Former Gov. Jim Holshouser — one of only two Republicans elected chief executive in North Carolina in the 20th century — passed away Monday at the age of 78. A report from WRAL-TV outlines the impact of Holshouser’s time in office: Holshouser was only 38 when he was elected governor in 1972, becoming the first [...]
Writing in the latest issue of Philanthropy magazine, Kay S. Hymowitz discusses the perils — and opportunities — of children raised in wealthy families. The key issue: how to navigate the moral and emotional hazards of growing up wealthy, and how to produce children who will wisely manage wealth and use it for good.
One way to avoid the pitfalls of dynastic wealth, Hymowitz writes, is by ensuring that children still face the normal rigors and disappointments of life:
People who have given a lot of thought to the problems of growing up rich—therapists, wealth advisors, parents, and adult children themselves—generally cite two antidotes to the moral and emotional hazards of a wealthy childhood: work and philanthropy. “Churchill wrote that the reason the great families of England had survived for so long was their belief in work and service,” Keith Whitaker says. “It was a shared norm, an expectation among the wealthy.” At one time, the norm was common in the United States. The State Department, Whitaker explains, “was a very genteel place.” The same was true in the early days of the CIA.
Warren Buffett’s oft-recited dictum that he would leave his children enough money “that they feel they can do anything, but not so much they can do nothing” reflects a more contemporary understanding of work as not just necessary for paying the rent but as a potential source of personal satisfaction. Educated young people expect to “find their passion,” as it is often put, and to exercise their talents in a meaningful career. Trust fund kids can be raised to want that too, but that’s not all they have to gain from having a regular job. Work helps to normalize their otherwise exotic existence.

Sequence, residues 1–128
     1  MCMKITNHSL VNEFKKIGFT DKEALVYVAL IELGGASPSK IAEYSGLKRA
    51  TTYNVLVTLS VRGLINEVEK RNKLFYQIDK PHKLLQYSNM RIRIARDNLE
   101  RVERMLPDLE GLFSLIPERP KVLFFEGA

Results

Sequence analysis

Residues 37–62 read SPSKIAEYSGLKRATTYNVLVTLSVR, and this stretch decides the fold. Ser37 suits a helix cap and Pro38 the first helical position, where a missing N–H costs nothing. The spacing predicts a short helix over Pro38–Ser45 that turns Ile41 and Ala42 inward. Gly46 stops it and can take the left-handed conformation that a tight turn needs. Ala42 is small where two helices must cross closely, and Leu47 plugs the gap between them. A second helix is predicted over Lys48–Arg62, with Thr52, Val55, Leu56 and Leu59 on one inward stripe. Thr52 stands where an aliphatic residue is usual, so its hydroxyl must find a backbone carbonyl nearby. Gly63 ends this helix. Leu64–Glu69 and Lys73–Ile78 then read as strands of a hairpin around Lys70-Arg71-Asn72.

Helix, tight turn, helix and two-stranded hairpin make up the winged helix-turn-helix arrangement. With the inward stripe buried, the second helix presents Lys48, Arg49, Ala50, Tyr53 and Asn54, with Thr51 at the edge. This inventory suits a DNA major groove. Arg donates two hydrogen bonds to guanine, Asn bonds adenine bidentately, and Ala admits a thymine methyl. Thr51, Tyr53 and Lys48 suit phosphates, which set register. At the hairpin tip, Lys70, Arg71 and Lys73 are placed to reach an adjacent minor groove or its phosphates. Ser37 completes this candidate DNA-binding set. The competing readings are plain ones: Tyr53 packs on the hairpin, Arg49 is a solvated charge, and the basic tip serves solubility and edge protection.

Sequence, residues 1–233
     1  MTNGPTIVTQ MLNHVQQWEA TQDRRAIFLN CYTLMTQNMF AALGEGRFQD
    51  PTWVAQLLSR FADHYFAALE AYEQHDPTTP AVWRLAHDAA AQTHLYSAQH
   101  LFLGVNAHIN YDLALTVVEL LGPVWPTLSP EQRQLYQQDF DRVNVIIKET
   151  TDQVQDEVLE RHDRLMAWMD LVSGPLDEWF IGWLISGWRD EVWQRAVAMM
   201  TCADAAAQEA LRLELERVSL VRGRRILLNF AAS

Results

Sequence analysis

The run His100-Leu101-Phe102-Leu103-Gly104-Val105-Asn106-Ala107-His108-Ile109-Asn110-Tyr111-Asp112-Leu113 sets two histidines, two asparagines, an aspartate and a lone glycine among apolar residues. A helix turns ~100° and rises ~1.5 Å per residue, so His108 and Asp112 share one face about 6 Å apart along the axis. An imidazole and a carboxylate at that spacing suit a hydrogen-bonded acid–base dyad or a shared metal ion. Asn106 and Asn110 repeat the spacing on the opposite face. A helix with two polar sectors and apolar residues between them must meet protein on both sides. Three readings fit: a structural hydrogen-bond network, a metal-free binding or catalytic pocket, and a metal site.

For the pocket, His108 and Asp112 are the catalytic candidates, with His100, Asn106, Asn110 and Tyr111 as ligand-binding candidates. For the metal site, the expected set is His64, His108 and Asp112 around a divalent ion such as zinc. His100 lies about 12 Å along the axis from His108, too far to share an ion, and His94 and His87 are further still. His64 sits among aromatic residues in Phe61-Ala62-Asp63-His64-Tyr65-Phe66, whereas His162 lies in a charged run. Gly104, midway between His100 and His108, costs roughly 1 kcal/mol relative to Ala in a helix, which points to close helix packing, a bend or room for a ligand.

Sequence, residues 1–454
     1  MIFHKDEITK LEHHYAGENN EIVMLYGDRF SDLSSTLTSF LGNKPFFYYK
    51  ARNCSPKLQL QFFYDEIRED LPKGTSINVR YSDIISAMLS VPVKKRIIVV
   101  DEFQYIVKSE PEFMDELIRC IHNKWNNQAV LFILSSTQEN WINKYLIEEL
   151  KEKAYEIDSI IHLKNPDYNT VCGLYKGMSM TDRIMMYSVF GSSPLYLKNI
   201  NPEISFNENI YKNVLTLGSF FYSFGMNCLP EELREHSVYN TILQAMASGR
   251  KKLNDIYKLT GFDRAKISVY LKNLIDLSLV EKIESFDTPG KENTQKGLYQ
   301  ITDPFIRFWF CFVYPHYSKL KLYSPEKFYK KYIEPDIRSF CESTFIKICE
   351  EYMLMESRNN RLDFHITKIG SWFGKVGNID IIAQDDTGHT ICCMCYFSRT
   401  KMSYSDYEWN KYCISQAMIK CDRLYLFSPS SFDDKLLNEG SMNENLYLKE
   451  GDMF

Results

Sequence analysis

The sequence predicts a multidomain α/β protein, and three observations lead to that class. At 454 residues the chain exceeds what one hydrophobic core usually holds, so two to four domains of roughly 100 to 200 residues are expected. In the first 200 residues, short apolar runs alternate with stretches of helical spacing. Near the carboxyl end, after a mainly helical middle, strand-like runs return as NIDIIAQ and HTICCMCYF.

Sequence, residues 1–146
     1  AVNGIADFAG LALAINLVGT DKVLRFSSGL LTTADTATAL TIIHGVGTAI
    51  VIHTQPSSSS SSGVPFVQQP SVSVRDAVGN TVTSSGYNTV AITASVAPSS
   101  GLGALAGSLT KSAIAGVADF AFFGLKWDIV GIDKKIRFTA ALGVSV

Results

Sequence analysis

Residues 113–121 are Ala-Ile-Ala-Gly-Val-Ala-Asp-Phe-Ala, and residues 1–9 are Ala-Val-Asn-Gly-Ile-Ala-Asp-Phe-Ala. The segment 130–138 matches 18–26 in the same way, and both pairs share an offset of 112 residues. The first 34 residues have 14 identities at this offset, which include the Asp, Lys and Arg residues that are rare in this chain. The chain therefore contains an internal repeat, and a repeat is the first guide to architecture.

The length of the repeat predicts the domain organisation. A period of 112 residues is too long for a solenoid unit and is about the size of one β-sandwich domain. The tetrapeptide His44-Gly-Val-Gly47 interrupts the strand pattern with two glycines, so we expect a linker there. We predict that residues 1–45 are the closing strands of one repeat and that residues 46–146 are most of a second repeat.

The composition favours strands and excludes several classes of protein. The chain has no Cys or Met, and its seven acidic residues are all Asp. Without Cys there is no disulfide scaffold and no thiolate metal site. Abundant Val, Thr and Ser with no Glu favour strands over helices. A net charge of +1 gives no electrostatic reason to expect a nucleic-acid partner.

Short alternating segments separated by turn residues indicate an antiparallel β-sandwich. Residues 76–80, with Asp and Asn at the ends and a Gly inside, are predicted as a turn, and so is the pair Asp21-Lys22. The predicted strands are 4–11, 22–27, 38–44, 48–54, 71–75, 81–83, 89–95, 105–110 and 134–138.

Like the welfare-dependent poor, work exposes them to regular folks and habits. And because difficult bosses, obnoxious co-workers, and unexpected assignments are a fact of work life, they learn to tolerate frustrations otherwise missing from their charmed lives. Jason Franklin, the 33-year-old grandson of a real estate magnate who went on to lead Bolder Giving, a philanthropy advocacy organization, identifies a disconnect between the power of an important family name and entry-level work. “When you have enough financial resources when you’re young, you think you can skip lower-level jobs,” he says. “You can’t. You need to slog through those jobs to get to the interesting, higher-level work.”